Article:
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[Ed. – The lovely Sarah has survived the insanity of the gold medal hockey game, and now is waxing poetic about PB…]

Peanut Butter Lovers Day.  Ah, who among us is not a peanut butter lover?  Crunchy, smooth, organic, sugar free, salt free, homemade … everyone can find a peanut butter they can fall in love with.

I found this on Peanut Butter

“There are many claims about the origin of peanut butter. Africans ground peanuts into stews as early as the 15th century. The Chinese have crushed peanuts into creamy sauces for centuries. Civil War soldiers dined on ‘peanut porridge.’ These uses, however, bore little resemblance to peanut butter as it is known today.


In 1890, an unknown St. Louis physician supposedly encouraged the owner of a food products company, George A. Bayle Jr., to process and package ground peanut paste as a nutritious protein substitute for people with poor teeth who couldn’t chew meat. The physician apparently had experimented by grinding peanuts in his hand-cranked meat grinder. Bayle mechanized the process and began selling peanut butter out of barrels for about 6¢ per pound. ”

My favourite mode of ingesting peanut butter is actually just on a knife.  Out for weekend brunch when you’re starving from standing in line for an hour and there are those wee packets of Kraft peanut butter on a table, who can resist?  Crack one open, scoop some out and mmmmm, you can now wait another 25 minutes for your real breakfast to arrive.  I’m also a fan of peanut butter cookies – just the very plain “1c peanut butter, 1 egg, 1/2 c. sugar, mix and bake at 325 for 12 minutes”.  Deliciously peanut butter-y goodness.  My mom has made, for as long as I can remember, peanut butter chocolate chip cookies on a weekly basis.  My parents are visiting right now so she brought some for Andrew.  Pictured here are both kinds of cookies, in front of the gold medal winning men’s jockey jersey, worn by a very happy Andrew.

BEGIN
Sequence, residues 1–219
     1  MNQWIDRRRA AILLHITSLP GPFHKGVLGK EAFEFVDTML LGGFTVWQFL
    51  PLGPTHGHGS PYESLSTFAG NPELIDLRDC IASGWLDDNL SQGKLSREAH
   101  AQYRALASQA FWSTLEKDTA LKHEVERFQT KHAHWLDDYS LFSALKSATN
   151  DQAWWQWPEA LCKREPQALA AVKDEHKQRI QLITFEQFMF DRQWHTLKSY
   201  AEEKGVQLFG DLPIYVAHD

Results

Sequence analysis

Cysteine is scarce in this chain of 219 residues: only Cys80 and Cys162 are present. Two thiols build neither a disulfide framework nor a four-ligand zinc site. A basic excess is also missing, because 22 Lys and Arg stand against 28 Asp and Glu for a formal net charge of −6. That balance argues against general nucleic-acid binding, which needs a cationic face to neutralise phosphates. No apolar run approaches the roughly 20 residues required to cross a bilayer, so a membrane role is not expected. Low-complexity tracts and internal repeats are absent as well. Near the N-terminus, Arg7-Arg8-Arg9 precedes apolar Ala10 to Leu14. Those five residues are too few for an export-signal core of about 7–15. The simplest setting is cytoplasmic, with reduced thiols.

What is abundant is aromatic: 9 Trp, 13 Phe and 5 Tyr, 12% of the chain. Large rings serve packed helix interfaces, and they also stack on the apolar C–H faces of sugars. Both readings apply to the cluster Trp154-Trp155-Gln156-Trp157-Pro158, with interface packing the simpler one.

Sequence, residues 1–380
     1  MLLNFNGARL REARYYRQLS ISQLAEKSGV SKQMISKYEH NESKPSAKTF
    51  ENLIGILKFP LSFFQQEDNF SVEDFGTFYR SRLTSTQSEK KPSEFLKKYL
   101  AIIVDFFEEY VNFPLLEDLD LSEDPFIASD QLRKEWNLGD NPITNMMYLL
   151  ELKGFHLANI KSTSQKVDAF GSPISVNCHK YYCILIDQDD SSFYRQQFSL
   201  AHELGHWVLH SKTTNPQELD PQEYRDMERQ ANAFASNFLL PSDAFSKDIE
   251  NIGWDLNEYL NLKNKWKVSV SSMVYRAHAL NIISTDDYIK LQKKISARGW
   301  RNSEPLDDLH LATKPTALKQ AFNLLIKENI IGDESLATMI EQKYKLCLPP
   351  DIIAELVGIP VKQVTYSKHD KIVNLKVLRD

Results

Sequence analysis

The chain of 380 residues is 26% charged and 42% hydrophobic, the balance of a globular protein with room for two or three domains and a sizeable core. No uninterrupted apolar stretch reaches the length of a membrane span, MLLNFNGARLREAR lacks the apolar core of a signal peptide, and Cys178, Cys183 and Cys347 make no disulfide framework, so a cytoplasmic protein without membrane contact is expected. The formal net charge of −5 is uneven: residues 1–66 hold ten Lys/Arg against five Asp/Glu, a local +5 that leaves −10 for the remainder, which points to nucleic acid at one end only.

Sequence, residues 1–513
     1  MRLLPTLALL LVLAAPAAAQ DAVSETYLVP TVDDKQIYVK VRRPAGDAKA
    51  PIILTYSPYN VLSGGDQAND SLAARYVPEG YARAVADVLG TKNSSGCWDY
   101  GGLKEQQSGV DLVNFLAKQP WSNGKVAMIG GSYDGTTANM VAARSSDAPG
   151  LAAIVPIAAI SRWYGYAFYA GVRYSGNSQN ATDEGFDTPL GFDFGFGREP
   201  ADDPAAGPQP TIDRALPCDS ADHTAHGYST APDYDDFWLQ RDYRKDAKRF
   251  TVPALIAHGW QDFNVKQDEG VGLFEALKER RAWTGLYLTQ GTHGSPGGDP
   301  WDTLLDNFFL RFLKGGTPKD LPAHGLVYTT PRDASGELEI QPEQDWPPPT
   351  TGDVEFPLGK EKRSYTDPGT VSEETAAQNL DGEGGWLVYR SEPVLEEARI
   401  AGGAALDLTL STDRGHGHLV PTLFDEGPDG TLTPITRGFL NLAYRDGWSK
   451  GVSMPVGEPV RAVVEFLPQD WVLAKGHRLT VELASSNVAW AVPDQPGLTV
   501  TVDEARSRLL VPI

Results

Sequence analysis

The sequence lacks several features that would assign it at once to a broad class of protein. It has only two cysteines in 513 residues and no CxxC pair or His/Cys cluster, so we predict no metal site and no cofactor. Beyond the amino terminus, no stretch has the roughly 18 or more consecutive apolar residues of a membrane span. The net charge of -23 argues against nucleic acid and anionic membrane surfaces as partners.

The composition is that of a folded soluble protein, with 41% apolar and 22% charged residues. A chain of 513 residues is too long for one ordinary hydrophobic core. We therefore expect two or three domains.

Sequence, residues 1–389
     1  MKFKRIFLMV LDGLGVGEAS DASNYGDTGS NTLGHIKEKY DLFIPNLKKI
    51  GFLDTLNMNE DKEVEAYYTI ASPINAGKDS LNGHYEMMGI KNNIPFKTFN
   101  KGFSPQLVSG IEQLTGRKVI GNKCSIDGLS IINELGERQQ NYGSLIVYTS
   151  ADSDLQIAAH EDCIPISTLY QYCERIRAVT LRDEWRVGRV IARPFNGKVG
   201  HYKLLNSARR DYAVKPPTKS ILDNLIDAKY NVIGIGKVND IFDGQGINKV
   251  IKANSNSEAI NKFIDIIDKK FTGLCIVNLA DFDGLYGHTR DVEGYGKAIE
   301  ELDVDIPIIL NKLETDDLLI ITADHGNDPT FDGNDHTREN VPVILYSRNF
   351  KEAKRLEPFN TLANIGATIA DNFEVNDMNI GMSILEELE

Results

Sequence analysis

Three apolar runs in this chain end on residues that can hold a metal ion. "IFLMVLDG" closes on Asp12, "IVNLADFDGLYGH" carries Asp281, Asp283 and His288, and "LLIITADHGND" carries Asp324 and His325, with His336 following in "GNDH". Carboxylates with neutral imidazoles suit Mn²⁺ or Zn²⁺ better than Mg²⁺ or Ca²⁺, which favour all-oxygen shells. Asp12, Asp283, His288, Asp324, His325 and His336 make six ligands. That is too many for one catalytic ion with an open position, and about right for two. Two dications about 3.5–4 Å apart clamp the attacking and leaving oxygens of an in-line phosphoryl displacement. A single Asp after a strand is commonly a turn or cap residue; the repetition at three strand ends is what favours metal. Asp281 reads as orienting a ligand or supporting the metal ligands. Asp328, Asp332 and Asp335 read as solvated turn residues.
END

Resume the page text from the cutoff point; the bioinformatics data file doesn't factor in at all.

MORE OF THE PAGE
Other vehicles for peanut butter enjoyment include smoothies (try it!  Makes the smoothies stick to your ribs), chocolate cups, with homemade jam on homemade bread … the list goes on.  Peanut butter is also a good snack for puppies.  Susie always gets a peanut butter cookie when we visit the dog store in our neighbourhood.  Unfortunately she ate the last one before I could snap a pic.

I leave you with this word of caution oh peanut butter-crossed lovers: too much peanut butter cannot be good for a person, aptly illustrated by one of my favourite poets, Shel Silverstein:

Peanut-Butter Sandwich

    by Shel Silverstein (1932-1999)

I’ll sing you a story of a silly young king
Who played with the world at the end of a string,
But he only loved one single thing —
And that was just a peanut-butter sandwich.

His scepter and his royal gowns,
His regal throne and golden crowns
Were brown and sticky from the mounds
And drippings from each peanut-butter sandwich.

His subjects all were silly fools
For he had passed a royal rule
That all that they could learn in school
Was how to make a peanut-butter sandwich.

He would not eat his sovereign steak,
He scorned his soup and kingly cake,
And told his courtly cook to bake
An extra-sticky peanut-butter sandwich.

And then one day he took a bite
And started chewing with delight,
But found his mouth was stuck quite tight
From that last bite of peanut-butter sandwich.

His brother pulled, his sister pried,
The wizard pushed, his mother cried,
“My boy’s committed suicide
From eating his last peanut-butter sandwich!”

The dentist came, and the royal doc.
The royal plumber banged and knocked,
But still those jaws stayed tightly locked.
Oh darn that sticky peanut-butter sandwich!

The carpenter, he tried with pliers,
The telephone man tried with wires,
The firemen, they tried with fire,
But couldn’t melt that peanut-butter sandwich.

With ropes and pulleys, drills and coil,
With steam and lubricating oil —
For twenty years of tears and toil —
They fought that awful peanut-butter sandwich.

Then all his royal subjects came.
They hooked his jaws with grapplin’ chains
And pulled both ways with might and main
Against that stubborn peanut-butter sandwich.

Each man and woman, girl and boy
Put down their ploughs and pots and toys
And pulled until kerack! Oh, joy —
They broke right through that peanut-butter sandwich.

A puff of dust, a screech, a squeak —
The king’s jaw opened with a creak.
And then in voice so faint and weak —
The first words that they heard him speak
Were, “How about a peanut-butter sandwich?”